Have you ever wondered what you would do in an avalanche situation? What if your tractor trailer were to be submerged in the snow? Do you think you have a reasonable survival plan? Learn how to survive the situation here:
Assess the damage. Both to the truck and to yourself. Try to remain as calm as possible, and make sure that you’re uninjured. Try to make some judgements as far as what your orientation is (if you’re upside down, sideways, submerged, etc.), what could be damaged on the vehicle, and if any of those possible damages could be dangerous.
Locate your cellphone and/or CB radio. If you’re injured, call 911 for help right away. If you’re uninjured, call your dispatcher and let them know what’s going on. They may have pointers to help you get out of the situation, or they may be able to send assistance out to you. Remember to be as descriptive as possible when giving your location information so that you can be located as quickly as possible.
Attempt to get out of the situation. If you’ve landed in a position where you can see outside, you’re right side up, you’re certain that you’re nowhere near being halfway submerged, and you think you’ll be able to relocate, try to do so. Turn the truck on if it’s off, and spin the wheels for ten seconds or so. If you haven’t moved – stop trying, spinning the wheels could dig you deeper and make the situation worse.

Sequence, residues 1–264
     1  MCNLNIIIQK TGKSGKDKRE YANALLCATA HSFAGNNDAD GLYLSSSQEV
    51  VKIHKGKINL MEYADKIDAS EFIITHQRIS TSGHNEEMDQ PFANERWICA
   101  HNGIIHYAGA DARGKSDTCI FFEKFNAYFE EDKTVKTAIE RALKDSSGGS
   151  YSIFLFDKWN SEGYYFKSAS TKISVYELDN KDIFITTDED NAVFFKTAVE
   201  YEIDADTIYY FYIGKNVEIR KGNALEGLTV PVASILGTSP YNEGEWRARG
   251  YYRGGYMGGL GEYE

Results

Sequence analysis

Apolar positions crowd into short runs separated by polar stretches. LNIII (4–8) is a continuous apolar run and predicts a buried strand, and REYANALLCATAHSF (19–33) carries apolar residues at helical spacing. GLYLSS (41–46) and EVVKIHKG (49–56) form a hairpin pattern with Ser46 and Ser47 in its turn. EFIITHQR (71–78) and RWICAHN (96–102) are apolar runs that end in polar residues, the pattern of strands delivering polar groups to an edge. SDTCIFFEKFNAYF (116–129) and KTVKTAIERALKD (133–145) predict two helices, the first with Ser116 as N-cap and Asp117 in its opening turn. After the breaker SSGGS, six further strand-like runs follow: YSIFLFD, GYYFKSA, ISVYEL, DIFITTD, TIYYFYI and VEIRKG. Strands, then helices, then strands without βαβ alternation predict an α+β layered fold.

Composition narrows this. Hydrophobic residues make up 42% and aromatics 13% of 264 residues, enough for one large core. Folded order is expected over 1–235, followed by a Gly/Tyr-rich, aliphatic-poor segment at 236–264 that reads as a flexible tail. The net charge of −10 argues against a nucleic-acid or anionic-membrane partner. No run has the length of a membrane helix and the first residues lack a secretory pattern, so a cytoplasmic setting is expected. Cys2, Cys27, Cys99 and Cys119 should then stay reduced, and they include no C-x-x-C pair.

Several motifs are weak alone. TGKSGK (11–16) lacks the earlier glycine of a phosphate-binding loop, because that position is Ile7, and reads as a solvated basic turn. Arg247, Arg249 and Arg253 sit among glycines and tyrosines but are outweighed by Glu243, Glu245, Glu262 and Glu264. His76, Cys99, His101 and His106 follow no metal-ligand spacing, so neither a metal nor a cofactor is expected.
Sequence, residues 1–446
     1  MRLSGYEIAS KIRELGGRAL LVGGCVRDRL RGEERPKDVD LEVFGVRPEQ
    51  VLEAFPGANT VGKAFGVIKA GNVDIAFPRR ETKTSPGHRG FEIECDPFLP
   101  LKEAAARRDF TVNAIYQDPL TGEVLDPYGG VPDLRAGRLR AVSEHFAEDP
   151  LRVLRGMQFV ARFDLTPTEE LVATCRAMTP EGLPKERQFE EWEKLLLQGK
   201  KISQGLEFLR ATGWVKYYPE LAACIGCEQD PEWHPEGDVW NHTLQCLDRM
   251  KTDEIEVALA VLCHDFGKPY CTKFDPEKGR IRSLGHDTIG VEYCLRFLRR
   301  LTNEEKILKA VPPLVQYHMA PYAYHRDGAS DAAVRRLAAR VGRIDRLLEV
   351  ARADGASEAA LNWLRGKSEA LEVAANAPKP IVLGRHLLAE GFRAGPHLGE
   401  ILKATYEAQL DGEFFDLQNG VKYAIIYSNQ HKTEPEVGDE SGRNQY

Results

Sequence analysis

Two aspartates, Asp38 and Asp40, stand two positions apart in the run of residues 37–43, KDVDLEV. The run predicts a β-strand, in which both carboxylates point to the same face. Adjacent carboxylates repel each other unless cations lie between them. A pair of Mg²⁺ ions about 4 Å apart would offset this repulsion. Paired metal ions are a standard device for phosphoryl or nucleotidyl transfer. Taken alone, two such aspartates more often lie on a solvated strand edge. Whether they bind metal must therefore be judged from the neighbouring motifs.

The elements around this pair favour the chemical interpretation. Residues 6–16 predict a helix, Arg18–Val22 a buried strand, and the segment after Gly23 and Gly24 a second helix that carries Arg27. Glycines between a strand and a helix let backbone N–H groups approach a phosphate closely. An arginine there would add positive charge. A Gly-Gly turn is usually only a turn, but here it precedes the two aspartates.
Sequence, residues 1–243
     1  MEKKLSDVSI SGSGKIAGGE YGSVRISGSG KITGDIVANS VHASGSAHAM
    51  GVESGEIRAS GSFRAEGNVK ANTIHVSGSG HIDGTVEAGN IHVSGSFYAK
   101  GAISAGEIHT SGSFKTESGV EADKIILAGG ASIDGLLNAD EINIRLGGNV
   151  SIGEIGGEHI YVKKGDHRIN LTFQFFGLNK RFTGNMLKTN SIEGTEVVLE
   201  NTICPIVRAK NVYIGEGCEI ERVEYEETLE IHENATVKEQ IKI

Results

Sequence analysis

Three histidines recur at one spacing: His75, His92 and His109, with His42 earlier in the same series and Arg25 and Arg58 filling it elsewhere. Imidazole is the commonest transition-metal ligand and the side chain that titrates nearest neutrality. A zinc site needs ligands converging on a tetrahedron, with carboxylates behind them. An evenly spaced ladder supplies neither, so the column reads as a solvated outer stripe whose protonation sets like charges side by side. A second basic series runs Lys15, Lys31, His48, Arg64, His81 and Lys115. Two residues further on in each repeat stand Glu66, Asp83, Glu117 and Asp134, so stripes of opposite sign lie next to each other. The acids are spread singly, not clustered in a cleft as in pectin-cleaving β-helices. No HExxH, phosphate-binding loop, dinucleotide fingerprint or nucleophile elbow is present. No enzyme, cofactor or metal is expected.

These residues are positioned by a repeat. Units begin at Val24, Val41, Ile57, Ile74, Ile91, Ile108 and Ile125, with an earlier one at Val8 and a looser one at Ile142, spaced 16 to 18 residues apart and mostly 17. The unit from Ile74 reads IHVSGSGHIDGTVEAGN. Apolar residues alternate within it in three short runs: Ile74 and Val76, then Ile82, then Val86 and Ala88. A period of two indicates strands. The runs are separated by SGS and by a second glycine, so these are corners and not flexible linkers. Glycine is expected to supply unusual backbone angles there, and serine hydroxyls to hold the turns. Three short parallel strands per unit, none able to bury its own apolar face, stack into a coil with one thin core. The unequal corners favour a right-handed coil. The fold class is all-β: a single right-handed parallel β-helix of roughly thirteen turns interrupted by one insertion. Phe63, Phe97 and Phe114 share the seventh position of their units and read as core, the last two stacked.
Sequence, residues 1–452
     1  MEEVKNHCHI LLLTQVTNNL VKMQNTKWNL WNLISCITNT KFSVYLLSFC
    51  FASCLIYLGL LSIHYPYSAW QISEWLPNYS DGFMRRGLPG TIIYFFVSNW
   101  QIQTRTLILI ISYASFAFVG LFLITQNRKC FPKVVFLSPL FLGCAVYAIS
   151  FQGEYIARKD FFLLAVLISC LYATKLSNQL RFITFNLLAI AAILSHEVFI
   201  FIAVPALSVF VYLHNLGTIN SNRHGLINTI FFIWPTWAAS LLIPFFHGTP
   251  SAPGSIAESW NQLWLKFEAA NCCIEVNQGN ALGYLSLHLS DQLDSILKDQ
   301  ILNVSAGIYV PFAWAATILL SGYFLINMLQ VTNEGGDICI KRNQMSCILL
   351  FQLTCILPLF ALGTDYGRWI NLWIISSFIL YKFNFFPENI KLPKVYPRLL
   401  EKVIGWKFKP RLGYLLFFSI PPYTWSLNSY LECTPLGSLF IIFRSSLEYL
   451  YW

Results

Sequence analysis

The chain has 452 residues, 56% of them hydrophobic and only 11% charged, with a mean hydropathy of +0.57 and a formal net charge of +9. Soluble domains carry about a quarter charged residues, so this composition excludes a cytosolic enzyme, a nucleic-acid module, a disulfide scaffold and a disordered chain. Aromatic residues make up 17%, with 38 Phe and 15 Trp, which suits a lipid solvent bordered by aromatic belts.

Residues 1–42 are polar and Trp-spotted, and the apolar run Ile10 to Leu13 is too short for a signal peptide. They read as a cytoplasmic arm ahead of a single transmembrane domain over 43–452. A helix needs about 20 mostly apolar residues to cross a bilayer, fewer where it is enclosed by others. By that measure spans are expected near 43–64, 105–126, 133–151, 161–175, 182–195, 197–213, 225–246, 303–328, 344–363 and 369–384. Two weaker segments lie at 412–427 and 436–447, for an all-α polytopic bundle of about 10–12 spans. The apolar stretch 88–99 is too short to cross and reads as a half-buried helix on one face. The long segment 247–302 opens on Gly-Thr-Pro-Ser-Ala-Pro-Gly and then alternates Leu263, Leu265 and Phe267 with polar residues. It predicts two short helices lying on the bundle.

Mind the engine. If the exhaust system is blocked by snow, the engine needs to be turned off. In the event that the exhaust is blocked Carbon Monoxide (which is an odorless, poisonous gas) could back up into the the cab. If you’re feeling dizzy, getting a headache, or feeling drowsy – immediately shut off the truck. If you’re exhaust is clear, use the heat sparingly to keep yourself warm – but be sure to ration your fuel.